If the Blazers are getting a veteran player plus two first-rounders for Nicolas Batum, they should take it! That's a no-brainer, isn't it? They get talent now, talent later, plus get rid of a player who doesn't want to be here. Win-Win-Win!
Maybe. It depends on the player and picks involved. If "veteran small forward" (the rumored exchange) means the All-Star level talent the Blazers have coveted, then yes...this would be a great way to bolster the roster. Something tells me we're short of that here. If you're talking a mediocre guy then the deal looks limp. The only exception might be if his contract expires in a year. But even then, as we're finding out this summer, cap space doesn't automatically equal players. Still a little room might be better than letting Batum go for nothing or retaining him at $11 million per if you don't like him.
Two draft picks also sound exciting, especially when we're all still flushed from a double-dip into lottery land. Picks are thrilling! Picks are magic! But picks are far less valuable if they're middle- or late-rounders. Consider that even in the deepest draft in years, the #11 selection (a lottery pick) ended up being Meyers Leonard. He's a center, a fine selection, but no sure thing. He's going to be a project. He'll not contribute at Batum's level immediately. He may not ever. And that's the 11th selection in a deep draft. Are two worse-than-Leonards (potentially) worth a Batum? Put another way, would you trade Batum for Nolan Smith, Luke Babbitt, and some future cap space and call it even? That could be what we're looking at here.
Obviously the Blazers should look into this deal. But calling it an automatic win is premature.
Side Note: We've heard from Neil Olshey that the Blazers will match any offer for Batum. That may be true. They may love Batum that much. On the other hand, there's no disadvantage to making that known even if the Blazers are hotly pursuing a sign-and-trade. By CBA rules Batum cannot be used in a sign-and-trade once he's accepted an offer sheet from another team. Obviously the Blazers also get to determine the number for him rather than another team if he gets no suitors. The territorial growl from Olshey preserves Portland's options.
What's UP with this? No good free agents. All the big news is about players the Blazers already had like Joel Freeland and Victor Claver [ed. and now J.J. Hickson]. Is this free agency period a bust? Are we going to see that long-awaited blow-up now? Are the Blazers signalling their willingness to destroy the current team and start over?
What's up with this is that the Blazers can't find anyone they want to spend $10 million on. Instead of going for the expensive seven-course meal they're storing away a few TV dinners in the freezer and trying to make it through winter. But not all hope is lost! Months ago we were talking here about how the most likely use of Portland's cap space was in unbalanced trades. That space makes them a powerful potential trading partner, either in their own right or as a third party facilitating someone else's deal. You can pick up extra goodies on the cheap that way. I don't know if the Blazers will be able to swing that All-Star they covet, but they could still find a hidden gem or two.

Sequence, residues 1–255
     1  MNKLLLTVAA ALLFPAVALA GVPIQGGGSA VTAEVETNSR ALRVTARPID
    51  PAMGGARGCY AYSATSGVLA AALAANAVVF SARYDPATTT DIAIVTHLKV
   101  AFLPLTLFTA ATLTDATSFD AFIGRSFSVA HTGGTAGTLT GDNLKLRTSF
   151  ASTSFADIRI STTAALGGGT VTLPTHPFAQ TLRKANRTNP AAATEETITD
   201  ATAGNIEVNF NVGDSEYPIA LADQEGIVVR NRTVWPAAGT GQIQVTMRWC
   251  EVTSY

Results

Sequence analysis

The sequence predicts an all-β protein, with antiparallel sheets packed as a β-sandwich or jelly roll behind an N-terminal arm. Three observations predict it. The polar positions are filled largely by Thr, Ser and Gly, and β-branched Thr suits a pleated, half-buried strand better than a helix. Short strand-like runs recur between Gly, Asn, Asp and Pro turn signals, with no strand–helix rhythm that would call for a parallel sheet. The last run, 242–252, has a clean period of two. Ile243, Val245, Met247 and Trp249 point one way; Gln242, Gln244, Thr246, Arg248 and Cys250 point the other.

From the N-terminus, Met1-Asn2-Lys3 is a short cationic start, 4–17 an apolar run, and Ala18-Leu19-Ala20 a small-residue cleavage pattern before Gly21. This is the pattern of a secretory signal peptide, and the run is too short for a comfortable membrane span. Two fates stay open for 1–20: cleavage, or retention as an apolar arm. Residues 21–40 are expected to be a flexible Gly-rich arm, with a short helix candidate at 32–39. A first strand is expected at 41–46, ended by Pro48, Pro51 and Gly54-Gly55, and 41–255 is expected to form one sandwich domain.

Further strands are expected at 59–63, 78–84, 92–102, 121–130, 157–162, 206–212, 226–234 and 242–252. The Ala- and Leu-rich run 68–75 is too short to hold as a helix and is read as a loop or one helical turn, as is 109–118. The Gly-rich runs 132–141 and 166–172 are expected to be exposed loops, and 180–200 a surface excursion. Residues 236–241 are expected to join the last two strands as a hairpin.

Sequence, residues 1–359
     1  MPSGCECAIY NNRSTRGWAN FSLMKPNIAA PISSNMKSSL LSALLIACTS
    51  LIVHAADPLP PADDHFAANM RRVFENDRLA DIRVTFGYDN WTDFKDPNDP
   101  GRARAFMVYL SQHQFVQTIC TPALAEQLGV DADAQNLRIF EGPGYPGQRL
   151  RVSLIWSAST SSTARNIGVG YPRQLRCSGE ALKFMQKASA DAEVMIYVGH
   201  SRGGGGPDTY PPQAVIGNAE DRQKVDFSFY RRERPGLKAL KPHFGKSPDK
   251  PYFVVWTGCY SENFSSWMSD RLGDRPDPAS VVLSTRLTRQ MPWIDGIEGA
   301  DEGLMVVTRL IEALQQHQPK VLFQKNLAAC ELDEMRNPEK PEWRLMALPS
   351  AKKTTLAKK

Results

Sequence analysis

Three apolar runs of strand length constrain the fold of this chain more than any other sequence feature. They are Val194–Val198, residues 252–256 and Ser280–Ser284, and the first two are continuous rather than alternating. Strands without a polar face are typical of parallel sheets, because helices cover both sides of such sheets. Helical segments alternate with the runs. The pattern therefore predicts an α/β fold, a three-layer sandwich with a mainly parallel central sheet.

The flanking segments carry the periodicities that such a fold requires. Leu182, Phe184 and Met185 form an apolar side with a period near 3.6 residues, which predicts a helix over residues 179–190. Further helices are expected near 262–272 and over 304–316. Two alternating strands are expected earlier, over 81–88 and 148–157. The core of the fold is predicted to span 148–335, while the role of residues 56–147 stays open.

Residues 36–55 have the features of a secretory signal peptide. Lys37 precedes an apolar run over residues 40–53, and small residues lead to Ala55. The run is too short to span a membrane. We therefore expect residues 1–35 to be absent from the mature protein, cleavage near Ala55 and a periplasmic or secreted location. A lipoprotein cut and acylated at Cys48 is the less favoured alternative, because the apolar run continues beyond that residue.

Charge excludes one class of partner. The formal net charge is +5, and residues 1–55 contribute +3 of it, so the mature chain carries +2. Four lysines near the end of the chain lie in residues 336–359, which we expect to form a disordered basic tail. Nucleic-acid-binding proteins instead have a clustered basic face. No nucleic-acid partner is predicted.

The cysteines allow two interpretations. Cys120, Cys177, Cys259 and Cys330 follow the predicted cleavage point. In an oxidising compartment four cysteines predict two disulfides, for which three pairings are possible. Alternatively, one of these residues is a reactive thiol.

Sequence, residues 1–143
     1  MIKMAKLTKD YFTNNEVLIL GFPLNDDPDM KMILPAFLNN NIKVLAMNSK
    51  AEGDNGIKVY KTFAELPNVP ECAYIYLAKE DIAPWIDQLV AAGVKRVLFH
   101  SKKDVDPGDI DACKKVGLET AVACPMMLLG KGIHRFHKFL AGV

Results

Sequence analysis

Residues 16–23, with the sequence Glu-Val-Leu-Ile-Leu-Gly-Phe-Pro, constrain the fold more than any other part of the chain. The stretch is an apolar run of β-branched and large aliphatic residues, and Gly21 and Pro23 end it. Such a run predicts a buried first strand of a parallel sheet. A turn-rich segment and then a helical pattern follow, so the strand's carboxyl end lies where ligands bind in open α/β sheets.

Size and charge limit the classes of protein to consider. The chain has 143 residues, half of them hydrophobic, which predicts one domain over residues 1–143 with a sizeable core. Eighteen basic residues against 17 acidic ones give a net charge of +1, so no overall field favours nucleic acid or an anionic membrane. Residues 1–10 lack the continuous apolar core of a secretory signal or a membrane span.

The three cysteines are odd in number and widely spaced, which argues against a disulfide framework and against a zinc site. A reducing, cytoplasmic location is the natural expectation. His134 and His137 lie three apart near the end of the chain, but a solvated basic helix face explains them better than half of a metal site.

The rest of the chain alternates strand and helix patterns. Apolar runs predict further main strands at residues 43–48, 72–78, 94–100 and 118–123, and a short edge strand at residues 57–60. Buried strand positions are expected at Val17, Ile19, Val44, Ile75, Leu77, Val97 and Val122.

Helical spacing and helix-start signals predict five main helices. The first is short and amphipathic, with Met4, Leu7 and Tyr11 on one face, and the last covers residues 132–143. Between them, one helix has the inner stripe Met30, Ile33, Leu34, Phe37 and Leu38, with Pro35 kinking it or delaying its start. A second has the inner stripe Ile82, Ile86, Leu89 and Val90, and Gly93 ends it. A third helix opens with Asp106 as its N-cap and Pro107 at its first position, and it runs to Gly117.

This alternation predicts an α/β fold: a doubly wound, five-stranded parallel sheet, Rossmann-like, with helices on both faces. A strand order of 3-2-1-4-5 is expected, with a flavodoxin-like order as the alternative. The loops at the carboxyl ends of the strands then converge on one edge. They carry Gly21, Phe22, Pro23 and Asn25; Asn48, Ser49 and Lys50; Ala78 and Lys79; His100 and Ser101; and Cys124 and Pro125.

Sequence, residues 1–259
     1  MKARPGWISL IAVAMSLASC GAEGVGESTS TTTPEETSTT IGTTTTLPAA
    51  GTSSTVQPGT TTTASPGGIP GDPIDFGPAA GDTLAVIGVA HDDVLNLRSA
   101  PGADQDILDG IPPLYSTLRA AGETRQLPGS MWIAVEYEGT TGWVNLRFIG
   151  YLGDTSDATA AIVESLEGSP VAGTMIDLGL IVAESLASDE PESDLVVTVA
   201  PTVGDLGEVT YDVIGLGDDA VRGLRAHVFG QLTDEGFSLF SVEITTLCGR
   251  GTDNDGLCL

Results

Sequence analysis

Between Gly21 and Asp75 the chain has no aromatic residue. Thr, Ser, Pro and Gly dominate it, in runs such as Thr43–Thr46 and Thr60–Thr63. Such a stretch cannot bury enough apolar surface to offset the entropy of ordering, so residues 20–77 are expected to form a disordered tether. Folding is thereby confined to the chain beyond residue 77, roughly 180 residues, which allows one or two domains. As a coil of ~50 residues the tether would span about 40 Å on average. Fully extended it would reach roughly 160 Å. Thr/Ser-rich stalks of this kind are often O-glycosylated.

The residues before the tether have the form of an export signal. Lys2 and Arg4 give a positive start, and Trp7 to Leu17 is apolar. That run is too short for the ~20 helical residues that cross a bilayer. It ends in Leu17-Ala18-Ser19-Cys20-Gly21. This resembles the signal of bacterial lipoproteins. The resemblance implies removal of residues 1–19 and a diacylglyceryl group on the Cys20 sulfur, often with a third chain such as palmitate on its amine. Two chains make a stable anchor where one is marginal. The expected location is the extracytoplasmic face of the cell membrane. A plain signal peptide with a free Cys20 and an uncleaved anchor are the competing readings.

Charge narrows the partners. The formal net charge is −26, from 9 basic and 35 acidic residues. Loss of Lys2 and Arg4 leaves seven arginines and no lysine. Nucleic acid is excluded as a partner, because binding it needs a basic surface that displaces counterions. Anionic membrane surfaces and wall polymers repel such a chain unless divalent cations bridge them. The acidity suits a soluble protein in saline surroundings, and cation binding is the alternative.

Even if the Blazers don't pick up anybody significant, I'd far rather have them sign nobody than cap themselves out with players who won't matter much. Again, this is something we've said for months, long before the Olshey hire. Not being willing to spend big-time money on small-time players takes courage, but it's the right move. Far from considering an empty trip a "bust", I'd consider it smart and disciplined. Get the guy who pushes you towards a title or keep your checkbook in your pocket. Fans will just have to adjust expectations and find different things to root for while management waits for the right time and the right guy.
As far as blowing up the team, you're not going to see it. It seldom happens that dramatically. There's no way the Blazers--or any team really--would go out and dump Batum and LaMarcus Aldridge for chump change and say, "We're finished with this! Complete restart!" That's not only a horrible public relations move, it's a waste of resources. Instead rebuilding happens in directions. You're either moving up or down. You progress slowly, by degrees, not all in one swoop.
The Batum situation will indicate which direction the Blazers are headed right now. If the do sign-and-trade him for picks and cap space you can be pretty sure they're on the downward arc, sacrificing immediate performance for future gain. But they're not going to dump the roster entirely. They'll play the season with Aldridge and Damian Lillard, celebrate what victories they can, then assess whether they can make the upward turn next year. If not you'll start to hear rumors of Aldridge or Wesley Matthews being on the trading block too. But that won't be a total blow-up, just another step. In fact Aldridge being traded would be the final one, as he'd bring major assets in return. (And frankly after he was gone there'd be nowhere to go but up.) Right after that step the Blazers would cash in those assets and start heading upward again.
Looking back over the course of 3-4 years you might well be able to say they "blew up" the team. Certainly it's in shards now compared to the days of Roy, Oden, Fernandez, and Bayless. But you'll not be able to point to them killing it in a single moment then making us watch a year or two of intentionally horrible basketball before moving upwards again.